Earlier this month, as reported in this post, enterprising reporting at the American Geophysical Union meeting by the UK's and Independent's Steve Connor broke news of large burbling expanses off the Siberian coast. Methane gas released from the seabed, reported a Russian team (based in part at the University of Alaska's Int'l Arctic Research Center in Fairbanks), has increased atmospheric concentration of the gas dramatically in some regions. The news spread in headlines around the world. Connor had the basics - there is a lot of it and is has not previously been accounted for in greenhouse gas ledgers.
The news however deserved further digging, particularly to explain where the methane is coming from and the role of climate change in kicking it loose - thus posing a possibility that expected, further warming will ramp the emissions of this potent greenhouse gas higher yet.
The Independent's story took a rather lathered stance, raising the spectre of drastic and dire consequences of these zones of bubblin' CH4. Few other outlets bothered to check whether the alarm is justified.
The most diligent, and somewhat reassuring, response has come in two installments from New York Times ex-reporter, now-blogger who is labeled as an opinion writer by the Times but is a reporter still, Andrew C. Revkin at his influential DotEarth site.
- Dec. 14: Methane Time Bomb in Arctic Seas - Apocalypse Not ; Revkin reports that while the phenomenon may be worrisome, the results and pertinent, related papers make pretty clear that whatever is going on, don't blame recent global warming. The process is a long-echo of the end of the ice age and the rise of the ocean across a former, permafrost and tundra landscape. He could not reach the AGU presentation (a poster) authors, but quoted liberally. He wrote, aiming his comment at both readers and other reporters, "So next time you see a science stunner about Arctic methane time bombs, reach out to a couple of scientists working on this gas before you run to the ramparts." As a willing rampart runner, I take that to heart.
- Dec. 27: Leaders of Arctic Methane Project Clarify Climate Concerns ; After reaching the lead researcher in the Russian work, Revkin gets first-hand assurance that whatever some news reports may have said, the proposed reason for the methane release is not recent warming, but inundation of the former dry and frozen land, now the bed of a shallow offshore zone, by seawater. That, and discovery that such submerged permafrost may melt at a somewhat colder temperture than has been assumed, explains the high methane release now underway.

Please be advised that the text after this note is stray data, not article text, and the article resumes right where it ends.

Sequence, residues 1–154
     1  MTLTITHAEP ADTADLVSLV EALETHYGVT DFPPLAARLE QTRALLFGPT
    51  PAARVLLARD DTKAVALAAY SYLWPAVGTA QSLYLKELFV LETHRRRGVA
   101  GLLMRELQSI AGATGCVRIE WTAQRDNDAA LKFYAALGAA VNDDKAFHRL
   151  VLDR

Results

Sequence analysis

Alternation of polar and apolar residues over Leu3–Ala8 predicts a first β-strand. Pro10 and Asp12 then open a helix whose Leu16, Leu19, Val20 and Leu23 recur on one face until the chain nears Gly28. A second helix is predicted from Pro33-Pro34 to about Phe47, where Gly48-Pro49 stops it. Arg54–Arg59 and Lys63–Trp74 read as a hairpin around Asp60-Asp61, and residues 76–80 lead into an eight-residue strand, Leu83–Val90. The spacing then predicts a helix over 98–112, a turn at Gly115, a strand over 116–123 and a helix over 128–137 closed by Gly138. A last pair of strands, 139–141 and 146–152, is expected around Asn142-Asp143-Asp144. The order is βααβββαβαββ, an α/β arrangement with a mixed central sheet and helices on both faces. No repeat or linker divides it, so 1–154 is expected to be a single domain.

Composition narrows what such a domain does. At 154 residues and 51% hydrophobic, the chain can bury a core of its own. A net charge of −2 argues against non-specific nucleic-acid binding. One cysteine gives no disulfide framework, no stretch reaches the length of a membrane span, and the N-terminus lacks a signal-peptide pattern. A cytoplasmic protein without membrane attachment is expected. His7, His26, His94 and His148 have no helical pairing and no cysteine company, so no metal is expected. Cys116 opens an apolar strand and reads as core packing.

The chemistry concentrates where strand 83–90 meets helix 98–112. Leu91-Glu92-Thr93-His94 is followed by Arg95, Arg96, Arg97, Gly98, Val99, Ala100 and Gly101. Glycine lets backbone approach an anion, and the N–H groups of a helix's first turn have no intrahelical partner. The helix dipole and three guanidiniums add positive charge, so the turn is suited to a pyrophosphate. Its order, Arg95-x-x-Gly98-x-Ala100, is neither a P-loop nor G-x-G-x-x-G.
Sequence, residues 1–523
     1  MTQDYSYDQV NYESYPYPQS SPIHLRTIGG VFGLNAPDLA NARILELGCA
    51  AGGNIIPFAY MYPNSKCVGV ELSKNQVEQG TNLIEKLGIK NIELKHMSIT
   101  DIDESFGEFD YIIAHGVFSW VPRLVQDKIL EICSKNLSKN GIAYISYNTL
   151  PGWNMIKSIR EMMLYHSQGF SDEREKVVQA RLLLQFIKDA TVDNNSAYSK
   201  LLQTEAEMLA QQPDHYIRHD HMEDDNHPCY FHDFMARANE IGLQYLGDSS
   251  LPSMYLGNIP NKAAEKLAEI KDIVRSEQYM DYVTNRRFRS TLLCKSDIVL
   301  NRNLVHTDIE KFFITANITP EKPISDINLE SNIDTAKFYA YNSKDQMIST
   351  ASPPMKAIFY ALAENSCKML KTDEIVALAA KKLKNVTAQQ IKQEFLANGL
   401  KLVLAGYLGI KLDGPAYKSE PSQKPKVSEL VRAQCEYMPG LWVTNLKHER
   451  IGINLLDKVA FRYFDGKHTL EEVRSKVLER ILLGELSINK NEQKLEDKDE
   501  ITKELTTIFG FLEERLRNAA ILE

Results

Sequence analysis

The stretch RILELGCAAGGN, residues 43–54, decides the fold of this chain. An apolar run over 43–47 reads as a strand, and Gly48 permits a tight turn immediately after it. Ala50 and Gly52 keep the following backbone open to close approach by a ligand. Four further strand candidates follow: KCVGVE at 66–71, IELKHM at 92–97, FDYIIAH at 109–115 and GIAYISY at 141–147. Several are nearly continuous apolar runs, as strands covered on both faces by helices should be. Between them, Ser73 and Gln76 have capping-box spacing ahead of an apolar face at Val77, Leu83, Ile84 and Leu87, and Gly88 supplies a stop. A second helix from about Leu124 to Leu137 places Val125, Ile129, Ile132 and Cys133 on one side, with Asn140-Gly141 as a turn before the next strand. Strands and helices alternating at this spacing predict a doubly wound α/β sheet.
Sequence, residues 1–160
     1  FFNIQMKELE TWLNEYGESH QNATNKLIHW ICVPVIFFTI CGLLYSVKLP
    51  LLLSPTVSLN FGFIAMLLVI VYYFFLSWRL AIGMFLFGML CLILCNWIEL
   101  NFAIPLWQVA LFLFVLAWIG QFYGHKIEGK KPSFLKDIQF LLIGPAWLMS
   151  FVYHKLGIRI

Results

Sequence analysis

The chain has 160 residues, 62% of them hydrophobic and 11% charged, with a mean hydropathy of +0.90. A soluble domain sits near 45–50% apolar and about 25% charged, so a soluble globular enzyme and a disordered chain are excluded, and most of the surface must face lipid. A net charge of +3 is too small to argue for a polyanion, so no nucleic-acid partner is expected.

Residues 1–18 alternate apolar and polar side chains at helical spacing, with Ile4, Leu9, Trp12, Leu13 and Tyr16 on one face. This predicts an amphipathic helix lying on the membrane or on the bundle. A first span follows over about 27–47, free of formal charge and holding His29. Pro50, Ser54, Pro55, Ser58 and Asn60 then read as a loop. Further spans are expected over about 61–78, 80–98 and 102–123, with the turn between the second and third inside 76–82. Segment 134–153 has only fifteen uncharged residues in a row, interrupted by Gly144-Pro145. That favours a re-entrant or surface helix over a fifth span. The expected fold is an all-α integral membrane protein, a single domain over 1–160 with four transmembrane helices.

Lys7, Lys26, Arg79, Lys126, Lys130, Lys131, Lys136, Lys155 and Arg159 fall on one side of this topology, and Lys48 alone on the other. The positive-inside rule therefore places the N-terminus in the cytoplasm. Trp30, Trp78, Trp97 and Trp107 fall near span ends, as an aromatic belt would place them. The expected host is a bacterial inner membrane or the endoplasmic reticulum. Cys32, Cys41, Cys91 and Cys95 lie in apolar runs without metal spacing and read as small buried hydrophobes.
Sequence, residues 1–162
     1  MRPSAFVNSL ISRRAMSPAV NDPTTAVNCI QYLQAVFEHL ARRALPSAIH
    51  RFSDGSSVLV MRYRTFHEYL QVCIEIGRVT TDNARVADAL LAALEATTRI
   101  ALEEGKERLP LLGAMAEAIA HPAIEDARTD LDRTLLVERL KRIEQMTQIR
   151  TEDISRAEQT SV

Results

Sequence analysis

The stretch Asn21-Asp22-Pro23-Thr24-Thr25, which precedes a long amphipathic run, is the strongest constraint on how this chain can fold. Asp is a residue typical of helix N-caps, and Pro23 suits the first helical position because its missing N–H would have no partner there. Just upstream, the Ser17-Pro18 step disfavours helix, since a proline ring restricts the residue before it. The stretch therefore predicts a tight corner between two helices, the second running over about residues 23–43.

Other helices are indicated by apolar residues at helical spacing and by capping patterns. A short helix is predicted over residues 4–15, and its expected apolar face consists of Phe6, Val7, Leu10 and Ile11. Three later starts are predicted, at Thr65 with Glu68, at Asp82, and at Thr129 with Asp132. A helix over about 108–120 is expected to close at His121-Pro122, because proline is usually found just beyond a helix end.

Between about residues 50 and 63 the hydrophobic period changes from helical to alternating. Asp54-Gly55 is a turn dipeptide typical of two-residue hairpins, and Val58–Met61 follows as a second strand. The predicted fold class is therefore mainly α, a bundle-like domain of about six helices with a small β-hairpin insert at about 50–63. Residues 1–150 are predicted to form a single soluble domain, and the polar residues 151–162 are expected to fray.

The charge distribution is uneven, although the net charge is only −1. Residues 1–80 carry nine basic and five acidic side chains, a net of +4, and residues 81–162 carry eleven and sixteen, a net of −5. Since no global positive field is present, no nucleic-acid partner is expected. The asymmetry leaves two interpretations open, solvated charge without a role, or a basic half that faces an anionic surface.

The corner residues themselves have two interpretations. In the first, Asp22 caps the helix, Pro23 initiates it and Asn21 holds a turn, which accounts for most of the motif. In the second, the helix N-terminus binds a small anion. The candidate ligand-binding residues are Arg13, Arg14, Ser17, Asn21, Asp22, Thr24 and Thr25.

This still seems like half-reported news. It has yet to be well-dissected by anyone in widely-circulated media. Revkin made his stab, but a few more reporters ought to fill remaining holes. What exactly is believed to be happening down there? Is the methane already methane, or is it being produced as organic material decomposes due to microbial action. Is it methane clathrates (also called hydrates) that are melting and disassociating? Both? And whether or not the region's warming is releasing this subsea methane (compounding warming's acceleration of methane production on Arctic land), what kind of impact might it have on the future pace of warming? Just because something is natural not feedback withmankind's fingerprint on it does not mean it is trivial. If there's a debate underway among scientists on the answers, so much the better as news and it merits reporting. And if there is an expert consensus, that would demand reporting as well. But somebody ought to resolve to make make the calls some time soon and find out - and then write an engaging, maybe disturbing or maybe reassuring, news feature that gives readers something to hang on to.
*UPDATE: Yesterday afternoon Revkin added another long entry at Dot Earth on Arctic methane worries. It summarizes and extracts passages from emails he received from Arctic climate experts, plus a documentary video maker, he queried for their reaction to recent, speculative news on methane releases from the shallow continental shelf off Siberia. Most tend to say that while important, the methane releases seem unlikely to push Earth close to any sort of runaway tipping point. Few indicate much certainty in that conclusion, however, and all call for increased study of the issue. An outlier is the documentary maker, who says he is stunned by any effort to minimize the risk (different from likelihood) of a non-linear climate catastrophe just from Arctic methane.
- Charlie Petit